The first permanent bans in Dota 2 were handed out to the players of Arrow Gaming, an organization that was involved in possibly the most dramatic match fixing incident in Dota 2 of all. The incident was followed by a cover-up, involved players’ girlfriends, scuttled what was shaping up to be a prominent organization in Dota 2, and tanked the reputation of other prominent figures in the scene.
Arrow Gaming allegedly threw a game during the SEA qualifiers to Synergy League, which was discovered through suspicious betting activity. This prompted Arrow’s ejection from the event, and started a series of events that gripped the Dota 2 scene.
Former Titan Gaming manager Tiffani “Oling” Lim investigated the matter and was given a series of text and chat logs that unearthed extensive discussion between the Arrow Gaming players and some of their girlfriends. In those messages a cover-up scheme was seemingly uncovered involving a number of individuals then involved in the SEA Dota 2 scene.
The banned lineup includes the following players:
- Kelvin “MtR” Chong
- Choo Jian “MoZuN” Goh
- Chiok “XiangZai” Soon Siang
- Yi Liong “ddz” Kok
- Hsien Wan “Lance” Fua
Because of the sheer number of people involved and the range of their influence across the scene, this wound up being a hugely important story. But while it was one of the wildest stories in the history of the game and has the distinction of being the first time that Valve banned players from official tournaments, it wasn’t actually the first case of match-fixing in Dota 2.
Longtime Virtus.pro captain Solo coins the term “322”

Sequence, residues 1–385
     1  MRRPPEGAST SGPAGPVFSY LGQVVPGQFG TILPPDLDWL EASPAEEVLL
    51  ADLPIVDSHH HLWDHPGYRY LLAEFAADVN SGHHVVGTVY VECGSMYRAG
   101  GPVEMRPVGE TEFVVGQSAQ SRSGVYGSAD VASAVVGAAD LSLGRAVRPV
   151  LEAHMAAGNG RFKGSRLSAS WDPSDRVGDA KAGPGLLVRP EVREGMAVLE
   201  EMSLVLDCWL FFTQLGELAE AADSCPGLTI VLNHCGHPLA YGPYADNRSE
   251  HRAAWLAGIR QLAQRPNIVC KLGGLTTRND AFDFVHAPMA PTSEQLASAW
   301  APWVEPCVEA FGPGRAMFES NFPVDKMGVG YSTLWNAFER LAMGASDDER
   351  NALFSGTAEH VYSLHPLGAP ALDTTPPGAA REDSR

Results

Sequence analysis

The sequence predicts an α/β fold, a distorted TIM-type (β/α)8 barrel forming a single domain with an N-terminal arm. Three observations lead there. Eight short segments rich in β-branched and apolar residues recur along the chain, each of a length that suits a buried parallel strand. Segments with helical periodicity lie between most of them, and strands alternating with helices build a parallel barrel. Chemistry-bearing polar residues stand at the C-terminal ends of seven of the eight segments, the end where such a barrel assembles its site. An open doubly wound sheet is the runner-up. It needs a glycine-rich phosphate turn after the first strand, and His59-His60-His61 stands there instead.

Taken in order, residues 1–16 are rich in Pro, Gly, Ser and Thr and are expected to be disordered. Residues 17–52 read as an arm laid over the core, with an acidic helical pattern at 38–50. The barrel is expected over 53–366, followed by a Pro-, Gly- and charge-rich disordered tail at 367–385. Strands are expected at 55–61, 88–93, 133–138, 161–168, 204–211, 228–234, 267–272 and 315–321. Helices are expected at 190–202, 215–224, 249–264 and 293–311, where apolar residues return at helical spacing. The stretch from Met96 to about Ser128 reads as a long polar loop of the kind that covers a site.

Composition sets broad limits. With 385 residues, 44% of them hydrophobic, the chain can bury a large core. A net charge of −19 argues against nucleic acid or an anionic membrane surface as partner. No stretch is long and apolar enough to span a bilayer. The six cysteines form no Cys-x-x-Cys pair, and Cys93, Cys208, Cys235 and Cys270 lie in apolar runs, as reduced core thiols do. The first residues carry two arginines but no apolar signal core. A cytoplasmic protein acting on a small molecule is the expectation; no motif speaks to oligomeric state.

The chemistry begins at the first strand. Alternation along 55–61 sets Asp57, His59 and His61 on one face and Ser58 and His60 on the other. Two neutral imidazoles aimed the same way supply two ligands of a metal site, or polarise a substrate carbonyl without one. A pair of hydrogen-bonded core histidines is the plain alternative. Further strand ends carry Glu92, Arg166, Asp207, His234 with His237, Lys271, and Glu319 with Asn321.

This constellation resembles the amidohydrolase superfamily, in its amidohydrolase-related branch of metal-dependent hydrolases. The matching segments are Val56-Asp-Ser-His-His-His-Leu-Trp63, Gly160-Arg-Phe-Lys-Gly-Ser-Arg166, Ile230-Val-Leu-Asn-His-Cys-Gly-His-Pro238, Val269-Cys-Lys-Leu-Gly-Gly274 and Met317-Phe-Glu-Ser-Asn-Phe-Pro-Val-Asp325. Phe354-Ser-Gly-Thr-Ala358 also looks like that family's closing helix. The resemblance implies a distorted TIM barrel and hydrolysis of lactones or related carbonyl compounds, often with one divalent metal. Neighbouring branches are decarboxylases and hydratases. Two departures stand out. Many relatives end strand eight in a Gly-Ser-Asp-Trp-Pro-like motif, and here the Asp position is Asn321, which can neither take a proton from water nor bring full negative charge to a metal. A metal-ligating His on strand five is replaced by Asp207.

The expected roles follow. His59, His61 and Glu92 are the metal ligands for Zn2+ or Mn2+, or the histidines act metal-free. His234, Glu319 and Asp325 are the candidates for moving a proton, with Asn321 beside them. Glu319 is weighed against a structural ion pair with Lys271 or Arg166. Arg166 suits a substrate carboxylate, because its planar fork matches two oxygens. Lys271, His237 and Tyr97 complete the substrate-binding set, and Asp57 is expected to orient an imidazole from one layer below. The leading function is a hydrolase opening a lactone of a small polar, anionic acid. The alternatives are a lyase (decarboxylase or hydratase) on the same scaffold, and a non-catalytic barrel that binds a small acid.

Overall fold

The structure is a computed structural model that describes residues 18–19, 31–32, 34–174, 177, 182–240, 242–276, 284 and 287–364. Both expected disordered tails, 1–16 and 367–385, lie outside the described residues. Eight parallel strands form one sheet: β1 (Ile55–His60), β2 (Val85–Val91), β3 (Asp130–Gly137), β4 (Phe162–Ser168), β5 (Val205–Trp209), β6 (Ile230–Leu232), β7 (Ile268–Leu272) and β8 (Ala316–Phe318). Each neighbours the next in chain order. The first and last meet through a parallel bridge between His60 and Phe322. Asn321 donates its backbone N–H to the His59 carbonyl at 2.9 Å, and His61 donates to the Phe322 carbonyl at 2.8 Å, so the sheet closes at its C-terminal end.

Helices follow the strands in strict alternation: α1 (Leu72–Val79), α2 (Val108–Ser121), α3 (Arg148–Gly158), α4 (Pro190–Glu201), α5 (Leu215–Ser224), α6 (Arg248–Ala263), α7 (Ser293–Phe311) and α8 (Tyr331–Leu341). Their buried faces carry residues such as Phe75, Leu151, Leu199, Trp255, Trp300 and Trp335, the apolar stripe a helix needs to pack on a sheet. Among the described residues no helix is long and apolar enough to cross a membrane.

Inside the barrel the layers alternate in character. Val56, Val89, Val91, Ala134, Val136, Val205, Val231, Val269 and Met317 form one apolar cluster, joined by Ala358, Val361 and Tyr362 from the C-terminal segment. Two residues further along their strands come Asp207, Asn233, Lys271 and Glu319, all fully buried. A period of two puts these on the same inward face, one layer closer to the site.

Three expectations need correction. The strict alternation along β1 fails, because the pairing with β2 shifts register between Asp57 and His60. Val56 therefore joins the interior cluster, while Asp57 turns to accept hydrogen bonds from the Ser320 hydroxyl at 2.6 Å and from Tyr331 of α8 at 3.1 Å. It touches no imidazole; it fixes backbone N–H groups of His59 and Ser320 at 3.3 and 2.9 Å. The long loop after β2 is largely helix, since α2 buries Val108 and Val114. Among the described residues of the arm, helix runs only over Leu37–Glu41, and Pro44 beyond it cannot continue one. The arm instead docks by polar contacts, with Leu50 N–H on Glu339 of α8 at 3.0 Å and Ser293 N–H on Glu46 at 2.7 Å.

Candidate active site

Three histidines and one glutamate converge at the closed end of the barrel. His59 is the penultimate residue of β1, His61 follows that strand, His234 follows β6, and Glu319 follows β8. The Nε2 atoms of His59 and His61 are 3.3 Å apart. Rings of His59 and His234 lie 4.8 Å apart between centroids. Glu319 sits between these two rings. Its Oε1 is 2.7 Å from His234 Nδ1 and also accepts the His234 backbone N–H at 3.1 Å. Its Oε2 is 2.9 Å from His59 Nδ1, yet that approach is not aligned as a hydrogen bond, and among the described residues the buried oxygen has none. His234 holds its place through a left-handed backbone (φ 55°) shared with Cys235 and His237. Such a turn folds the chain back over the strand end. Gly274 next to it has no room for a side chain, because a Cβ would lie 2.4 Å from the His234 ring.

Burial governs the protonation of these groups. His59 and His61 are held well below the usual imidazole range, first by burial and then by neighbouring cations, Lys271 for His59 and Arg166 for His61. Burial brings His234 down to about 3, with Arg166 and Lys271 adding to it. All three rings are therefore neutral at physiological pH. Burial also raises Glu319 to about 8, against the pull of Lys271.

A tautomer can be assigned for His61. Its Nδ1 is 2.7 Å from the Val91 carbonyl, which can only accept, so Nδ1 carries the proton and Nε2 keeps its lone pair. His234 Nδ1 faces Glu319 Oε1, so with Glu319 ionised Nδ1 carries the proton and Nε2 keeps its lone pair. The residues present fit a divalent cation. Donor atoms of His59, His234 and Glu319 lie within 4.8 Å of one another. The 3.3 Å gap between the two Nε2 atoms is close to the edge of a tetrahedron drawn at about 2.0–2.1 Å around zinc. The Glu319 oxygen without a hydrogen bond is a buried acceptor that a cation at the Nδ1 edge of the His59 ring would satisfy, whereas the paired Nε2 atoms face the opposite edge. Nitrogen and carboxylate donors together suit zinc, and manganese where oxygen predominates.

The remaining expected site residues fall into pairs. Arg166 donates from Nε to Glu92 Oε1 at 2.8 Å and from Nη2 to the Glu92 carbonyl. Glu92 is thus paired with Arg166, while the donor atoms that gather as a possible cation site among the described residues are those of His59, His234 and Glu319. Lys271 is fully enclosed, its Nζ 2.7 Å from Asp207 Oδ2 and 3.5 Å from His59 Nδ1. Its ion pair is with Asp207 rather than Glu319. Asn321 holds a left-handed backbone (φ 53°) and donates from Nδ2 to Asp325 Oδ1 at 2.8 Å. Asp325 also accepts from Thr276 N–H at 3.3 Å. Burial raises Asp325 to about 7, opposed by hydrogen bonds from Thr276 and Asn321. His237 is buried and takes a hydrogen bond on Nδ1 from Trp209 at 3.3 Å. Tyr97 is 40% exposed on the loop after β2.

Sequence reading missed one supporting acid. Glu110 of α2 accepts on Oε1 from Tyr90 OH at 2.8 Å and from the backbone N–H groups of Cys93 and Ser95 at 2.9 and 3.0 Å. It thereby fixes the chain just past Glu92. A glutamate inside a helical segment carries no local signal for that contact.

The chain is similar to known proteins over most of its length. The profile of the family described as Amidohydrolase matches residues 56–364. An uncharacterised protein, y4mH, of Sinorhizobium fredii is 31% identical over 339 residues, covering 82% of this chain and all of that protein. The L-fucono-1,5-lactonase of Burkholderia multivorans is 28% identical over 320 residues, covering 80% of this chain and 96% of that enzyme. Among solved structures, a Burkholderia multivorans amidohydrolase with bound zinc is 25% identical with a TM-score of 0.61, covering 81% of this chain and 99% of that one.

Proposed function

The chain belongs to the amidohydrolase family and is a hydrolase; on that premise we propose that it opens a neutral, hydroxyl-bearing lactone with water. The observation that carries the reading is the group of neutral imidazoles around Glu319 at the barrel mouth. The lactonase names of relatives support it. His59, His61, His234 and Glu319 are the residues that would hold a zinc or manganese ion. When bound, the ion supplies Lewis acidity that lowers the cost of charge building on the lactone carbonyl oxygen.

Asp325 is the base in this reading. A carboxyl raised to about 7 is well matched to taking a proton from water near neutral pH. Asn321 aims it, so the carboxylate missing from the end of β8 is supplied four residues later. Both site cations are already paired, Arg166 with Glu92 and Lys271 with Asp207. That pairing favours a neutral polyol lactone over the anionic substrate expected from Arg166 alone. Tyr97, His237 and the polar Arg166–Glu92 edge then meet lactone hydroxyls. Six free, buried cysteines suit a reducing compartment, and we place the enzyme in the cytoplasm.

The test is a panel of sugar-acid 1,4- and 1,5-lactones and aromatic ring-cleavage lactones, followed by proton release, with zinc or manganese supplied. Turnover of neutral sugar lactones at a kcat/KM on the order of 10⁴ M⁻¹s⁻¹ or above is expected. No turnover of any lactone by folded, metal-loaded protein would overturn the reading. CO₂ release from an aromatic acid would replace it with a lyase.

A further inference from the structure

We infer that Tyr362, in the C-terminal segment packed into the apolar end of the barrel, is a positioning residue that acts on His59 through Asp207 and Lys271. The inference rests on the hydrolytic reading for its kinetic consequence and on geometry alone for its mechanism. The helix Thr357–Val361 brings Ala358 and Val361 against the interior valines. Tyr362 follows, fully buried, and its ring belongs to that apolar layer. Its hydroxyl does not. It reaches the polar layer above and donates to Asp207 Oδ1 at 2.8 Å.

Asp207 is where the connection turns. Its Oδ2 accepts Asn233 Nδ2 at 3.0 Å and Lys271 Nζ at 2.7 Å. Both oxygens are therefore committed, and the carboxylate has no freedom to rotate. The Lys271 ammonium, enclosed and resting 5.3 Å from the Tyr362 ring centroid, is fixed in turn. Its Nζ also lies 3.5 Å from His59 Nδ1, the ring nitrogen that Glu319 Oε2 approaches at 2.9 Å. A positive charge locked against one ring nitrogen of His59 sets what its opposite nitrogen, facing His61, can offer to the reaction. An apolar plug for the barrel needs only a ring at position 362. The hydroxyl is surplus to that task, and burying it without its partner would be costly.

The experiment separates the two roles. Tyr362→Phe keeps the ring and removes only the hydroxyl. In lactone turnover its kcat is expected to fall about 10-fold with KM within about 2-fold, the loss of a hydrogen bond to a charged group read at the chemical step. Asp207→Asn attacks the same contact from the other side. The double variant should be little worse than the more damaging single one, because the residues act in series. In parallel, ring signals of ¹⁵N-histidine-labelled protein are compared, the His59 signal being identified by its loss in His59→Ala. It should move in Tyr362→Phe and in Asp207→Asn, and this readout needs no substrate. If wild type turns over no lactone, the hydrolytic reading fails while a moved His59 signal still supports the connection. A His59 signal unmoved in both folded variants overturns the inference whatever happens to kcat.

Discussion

When Dota 2 fans discuss match fixing, they’ll often throw around the number 322 in some way. That’s because it’s a reference to the first major case of match-fixing, which involved future Virtus.pro captain Alexey “Solo” Berezin.
If you have a hard time imagining the effects of (relative) poverty on the Dota 2 scene, think of it like this: how would season 1 of the DPC have looked if Solo had been banned?
— Muriëlle ‘Kips’ Huisman (@Kipspul) August 1, 2018
During his time with RoX, Solo was caught betting against his team during StarSeries Season 6 and winning $322 by throwing the game. He admitted to it after being caught. Solo received a lifetime ban from StarLadder events, though this ban was later reduced. Despite his admiting to throwing a match, Solo has never received any form of punishment from Valve.
While Smash, Ztok, ddz, and the other players on this list had their chances of moving on completely shut down, Valve decided to let Solo continue on and carve out a wildly successful career. Across four years with Virtus.pro, Solo won five majors and racked up over $1.7 million in total prize pool earnings. It remains unclear what made Valve brush his case off while cracking down so much harder on other players accused of the same thing from South America and Southeast Asia.